What is a PET scan?
Professor Joanna Wardlaw talks to Senior Cardiac Nurse Emily McGrath about the scans that show signs of dementia, blocked arteries and other problems.
PET scans of the brain
1. Why would I have a PET scan?
PET (short for positron emission tomography) scans are good at showing how the tissues of your body are actually working.
There are two types: PET combined with a CT (computerised tomography) scan and PET combined with an MRI (magnetic resonance imaging) scan. The commonest type is PET-CT.
They’re often used if you have cancer to see if it has spread, or if you have suspected dementia or another cognitive impairment. Sometimes early risk of dementia shows up more clearly on a PET scan than other scans, though it isn’t widely used in the NHS at the moment.
PET scans of your coronary arteries are also sometimes used to help plan procedures, including heart bypass surgery.
2. What will a PET scan tell my doctor?
A PET scan detects the radiation given off by a radioactive material (called a tracer) injected into your arm. The radioactive material is attached to a type of sugar. The body treats this sugar as fuel and this allows us to see how much energy is being used by, for example, different parts of the brain.
A PET scan detects the radiation given off by a radioactive material (called a tracer) injected into your arm.
In the heart, it can be used to assess whether areas of the heart have died following a heart attack so are no longer using sugar, or whether there are areas of inflammation or infection which use more sugar.
Rapidly dividing cancer cells also use lots of glucose, which is why the test is useful for showing the spread of cancer.
Other PET scans can study blood flow through the heart as evidence of narrowings or blockages in the arteries, similar to SPECT scans.
3. What does having a PET scan involve?
You have an injection of radioactive material, then you’ll go into a ring-shaped scanner.
4. Do I need to do anything to prepare for my PET scan?
Your appointment letter will tell you if you need to do anything. Sometimes you may be asked not to eat anything during the few hours before the scan.
5. How long will my PET scan last?
You’ll be there for up to several hours. After the injection of radioactive dye, you lie down while the dye travels to the part of you that the doctors want to examine (for example, the fatty plaque in your arteries).
The scan is similar to a normal CT or MRI scan. It takes about 30 minutes. Afterwards, you’ll probably have to stay for a couple of hours while the radioactivity wears off.
6. Will having a PET scan be painful?
You may feel a prick from the injection, that’s all.
7. Are there any risks with PET scans?
You’ll receive an extremely low dose of radiation that shouldn’t pose a risk to your health. The benefit to you will outweigh any possible risk.
You might have to wait before going home after a PET scan. We try to keep radiation exposure low, and we don’t want the general public to be exposed to someone who might be slightly radioactive.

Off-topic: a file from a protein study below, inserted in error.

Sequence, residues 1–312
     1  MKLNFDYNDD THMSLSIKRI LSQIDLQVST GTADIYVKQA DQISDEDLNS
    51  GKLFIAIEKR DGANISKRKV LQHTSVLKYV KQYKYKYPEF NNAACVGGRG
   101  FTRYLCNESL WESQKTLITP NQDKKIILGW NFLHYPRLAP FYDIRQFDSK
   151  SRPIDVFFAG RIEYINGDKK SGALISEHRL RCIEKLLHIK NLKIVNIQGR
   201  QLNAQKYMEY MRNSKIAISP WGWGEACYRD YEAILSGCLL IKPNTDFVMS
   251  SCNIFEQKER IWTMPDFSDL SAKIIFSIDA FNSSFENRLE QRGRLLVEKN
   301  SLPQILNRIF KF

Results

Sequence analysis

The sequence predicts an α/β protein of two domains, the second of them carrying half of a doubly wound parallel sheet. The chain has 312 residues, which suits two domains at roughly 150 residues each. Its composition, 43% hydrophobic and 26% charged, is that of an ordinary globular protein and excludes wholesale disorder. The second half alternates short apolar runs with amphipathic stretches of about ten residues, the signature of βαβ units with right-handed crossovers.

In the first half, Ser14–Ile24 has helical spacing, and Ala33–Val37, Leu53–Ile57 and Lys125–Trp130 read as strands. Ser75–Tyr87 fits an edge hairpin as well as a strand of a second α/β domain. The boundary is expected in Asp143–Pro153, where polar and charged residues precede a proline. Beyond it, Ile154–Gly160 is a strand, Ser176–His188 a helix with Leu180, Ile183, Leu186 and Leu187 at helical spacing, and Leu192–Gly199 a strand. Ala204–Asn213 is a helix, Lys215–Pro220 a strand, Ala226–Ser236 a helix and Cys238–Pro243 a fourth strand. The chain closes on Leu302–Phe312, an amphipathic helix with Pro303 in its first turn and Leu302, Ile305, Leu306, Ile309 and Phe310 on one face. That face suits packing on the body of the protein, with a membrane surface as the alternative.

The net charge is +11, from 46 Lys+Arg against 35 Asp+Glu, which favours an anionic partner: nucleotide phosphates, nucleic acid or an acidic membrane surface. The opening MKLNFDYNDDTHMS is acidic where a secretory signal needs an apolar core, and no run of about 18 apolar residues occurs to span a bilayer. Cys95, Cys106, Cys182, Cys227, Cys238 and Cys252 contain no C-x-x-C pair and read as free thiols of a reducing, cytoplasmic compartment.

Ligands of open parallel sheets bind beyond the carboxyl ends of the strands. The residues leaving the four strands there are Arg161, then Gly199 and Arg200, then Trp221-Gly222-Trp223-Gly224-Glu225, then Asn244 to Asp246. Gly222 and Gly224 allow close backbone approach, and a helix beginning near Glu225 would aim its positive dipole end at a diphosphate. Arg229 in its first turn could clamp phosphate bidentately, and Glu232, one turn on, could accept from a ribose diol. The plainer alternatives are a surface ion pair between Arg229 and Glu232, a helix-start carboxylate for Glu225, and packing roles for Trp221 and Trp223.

If it’s a PET-CT, there will be an additional radiation dose from the scanner, but this will still be a small amount.
8. Is there anyone who shouldn’t have one?
Pregnant women shouldn’t have a PET scan. If you are breastfeeding, ask your doctor for advice. People with non-MRI-compatible implants, including some pacemakers, would not be allowed to have a PET-MRI scan either.
PET scans of the heart
9. What are the latest PET scan developments?
New radioactive dyes are being developed all the time, which are getting better at highlighting specific disease processes (especially cognitive decline and dementia).
In 10 years, it is quite possible there will be specific agents to pick up specific processes.
Another improvement is speed: a scan that once would have taken an hour can now take just 20 minutes.
There are also new uses for PET scans. For example, if you have atheroma (fatty plaque) in your arteries, then the PET scan can pick up whether it is active or not – a factor that affects your risk of having a stroke, heart attack or a burst blood vessel.
This isn’t yet routine for NHS practice but could become so in a few years’ time. With the support of BHF funding, we’re also developing more sophisticated ways to show blood flow in the brain. This is mainly being used for research but could become part of normal patient care.
Professor Joanna Wardlaw
- Professor of Applied Neuroimaging, Head of Division of Neuroimaging Sciences and Director of the Brain Research Imaging Centre, University of Edinburgh
- Honorary Consultant Neuroradiologist at NHS Lothian
- Author of more than 400 publications
- Recipient of University of Edinburgh Chancellor’s award for research and the British Society of Neuroradiologists President’s medal
- Her groundbreaking studies have changed how patients with stroke are treated all over the world
Discover Professor Wardlaw's research into lacunar stroke and dementia.